There used to be a wolf living under the sink in the bathroom in our old family apartment, who prevented me from going to the bathroom at night, man under my bed who would rip my arms off if they poked out from under the blanket, a devil paper mache mask on the wall that became real at night, and antler trophies complete with skulls accompanying the devil in the hallway as lesser demons.
Not to mention the boogeyman, who is called the man with the sack. He comes at night too, but in my book, he was less formidable  and far more civilized then the Kókó, because he cooked children before eating them, after transporting them in his sack. But my sister feared him more than the Kókó.
 To each her own, I guess.
My first nightmare I can recount was my pillow shaped stuffed frog swallowing me whole while the devil in the hallway laughed. I can still mentally rewind the details.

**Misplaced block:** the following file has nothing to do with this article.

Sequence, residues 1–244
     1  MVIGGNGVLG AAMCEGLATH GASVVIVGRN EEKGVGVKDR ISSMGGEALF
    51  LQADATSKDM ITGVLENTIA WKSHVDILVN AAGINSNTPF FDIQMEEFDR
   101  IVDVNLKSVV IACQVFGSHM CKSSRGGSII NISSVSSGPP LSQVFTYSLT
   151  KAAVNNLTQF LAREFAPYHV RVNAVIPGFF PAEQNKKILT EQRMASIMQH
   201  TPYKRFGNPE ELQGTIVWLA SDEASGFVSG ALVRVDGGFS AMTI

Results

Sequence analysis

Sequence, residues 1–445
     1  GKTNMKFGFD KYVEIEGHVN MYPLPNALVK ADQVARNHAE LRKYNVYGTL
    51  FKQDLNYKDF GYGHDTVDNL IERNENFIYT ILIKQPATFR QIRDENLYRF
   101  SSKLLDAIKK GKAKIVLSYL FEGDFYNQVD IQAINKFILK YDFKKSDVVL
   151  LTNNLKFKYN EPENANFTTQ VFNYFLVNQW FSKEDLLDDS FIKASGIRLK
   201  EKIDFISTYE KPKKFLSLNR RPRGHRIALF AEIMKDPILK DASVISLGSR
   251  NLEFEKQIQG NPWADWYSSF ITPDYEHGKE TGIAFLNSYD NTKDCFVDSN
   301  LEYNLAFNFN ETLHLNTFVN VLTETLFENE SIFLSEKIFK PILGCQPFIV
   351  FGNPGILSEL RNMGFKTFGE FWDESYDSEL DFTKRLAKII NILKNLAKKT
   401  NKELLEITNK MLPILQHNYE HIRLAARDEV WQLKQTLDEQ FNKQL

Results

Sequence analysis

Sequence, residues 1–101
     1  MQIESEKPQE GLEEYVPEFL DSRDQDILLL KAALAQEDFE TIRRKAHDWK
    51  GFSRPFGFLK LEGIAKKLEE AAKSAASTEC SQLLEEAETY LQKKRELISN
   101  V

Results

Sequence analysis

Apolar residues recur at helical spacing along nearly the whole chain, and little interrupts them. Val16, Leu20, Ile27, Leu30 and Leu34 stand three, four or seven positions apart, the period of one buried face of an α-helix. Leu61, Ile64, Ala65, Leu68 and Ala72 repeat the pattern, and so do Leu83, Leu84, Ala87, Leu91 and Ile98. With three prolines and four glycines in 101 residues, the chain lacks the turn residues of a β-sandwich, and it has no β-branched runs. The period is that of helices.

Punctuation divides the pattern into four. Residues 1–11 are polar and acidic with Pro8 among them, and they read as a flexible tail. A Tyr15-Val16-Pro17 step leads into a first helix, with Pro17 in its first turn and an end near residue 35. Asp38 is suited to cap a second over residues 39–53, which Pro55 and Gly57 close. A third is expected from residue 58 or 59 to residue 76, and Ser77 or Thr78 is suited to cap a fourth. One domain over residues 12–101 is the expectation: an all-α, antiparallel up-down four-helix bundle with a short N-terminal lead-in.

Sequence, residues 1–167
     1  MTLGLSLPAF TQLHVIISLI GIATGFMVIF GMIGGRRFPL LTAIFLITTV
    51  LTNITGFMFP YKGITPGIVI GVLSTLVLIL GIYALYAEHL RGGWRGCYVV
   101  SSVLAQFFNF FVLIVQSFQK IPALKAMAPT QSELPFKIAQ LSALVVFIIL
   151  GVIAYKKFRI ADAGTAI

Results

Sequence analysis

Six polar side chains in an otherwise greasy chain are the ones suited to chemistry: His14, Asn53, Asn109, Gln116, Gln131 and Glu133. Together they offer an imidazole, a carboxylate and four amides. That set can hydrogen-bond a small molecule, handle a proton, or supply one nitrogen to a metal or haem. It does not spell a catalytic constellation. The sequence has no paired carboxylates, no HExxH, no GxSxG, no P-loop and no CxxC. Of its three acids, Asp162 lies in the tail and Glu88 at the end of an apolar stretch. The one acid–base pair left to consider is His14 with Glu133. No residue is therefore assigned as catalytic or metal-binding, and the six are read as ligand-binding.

But in many ways real everyday life turned out to be a lot less reliable and orderly than Kókó, the man with the sack and the wolf under the sink were....
One makes bargains with one's monsters. They always follow rules.
(In stories and fairy tales  there are always rules of conduct for monsters. These rules unfortunately don't apply to fellow humans. They are a ruthless bunch, )
So maybe that's why I was always ok with the monsters and they became acceptable parts of life for me.
One night quite a while ago, I  was in that really sweet place inbetween being awake and falling asleep, where ideas oftentimes emerge from, and I was thinking how Kókó never really took a shape for me. I was wondering what would he look like. All the sudden it came to me that he was a big meany bird.
 Kind of like the tragically beautiful Greater Adjutant, cousin to the Marabou Stork.